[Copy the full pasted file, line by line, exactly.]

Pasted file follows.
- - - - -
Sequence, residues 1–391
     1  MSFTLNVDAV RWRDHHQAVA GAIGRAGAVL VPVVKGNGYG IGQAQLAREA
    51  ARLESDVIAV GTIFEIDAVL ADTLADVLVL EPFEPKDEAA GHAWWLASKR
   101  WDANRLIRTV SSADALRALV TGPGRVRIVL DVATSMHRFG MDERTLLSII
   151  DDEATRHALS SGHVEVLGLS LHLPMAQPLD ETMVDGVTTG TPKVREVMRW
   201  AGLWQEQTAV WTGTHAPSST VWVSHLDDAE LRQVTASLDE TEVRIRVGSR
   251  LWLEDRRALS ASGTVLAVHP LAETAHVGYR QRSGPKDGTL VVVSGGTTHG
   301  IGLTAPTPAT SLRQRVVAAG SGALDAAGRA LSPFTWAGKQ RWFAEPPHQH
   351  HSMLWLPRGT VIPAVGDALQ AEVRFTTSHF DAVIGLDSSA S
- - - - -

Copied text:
Sequence, residues 1–391
     1  MSFTLNVDAV RWRDHHQAVA GAIGRAGAVL VPVVKGNGYG IGQAQLAREA
    51  ARLESDVIAV GTIFEIDAVL ADTLADVLVL EPFEPKDEAA GHAWWLASKR
   101  WDANRLIRTV SSADALRALV TGPGRVRIVL DVATSMHRFG MDERTLLSII
   151  DDEATRHALS SGHVEVLGLS LHLPMAQPLD ETMVDGVTTG TPKVREVMRW
   201  AGLWQEQTAV WTGTHAPSST VWVSHLDDAE LRQVTASLDE TEVRIRVGSR
   251  LWLEDRRALS ASGTVLAVHP LAETAHVGYR QRSGPKDGTL VVVSGGTTHG
   301  IGLTAPTPAT SLRQRVVAAG SGALDAAGRA LSPFTWAGKQ RWFAEPPHQH
   351  HSMLWLPRGT VIPAVGDALQ AEVRFTTSHF DAVIGLDSSA S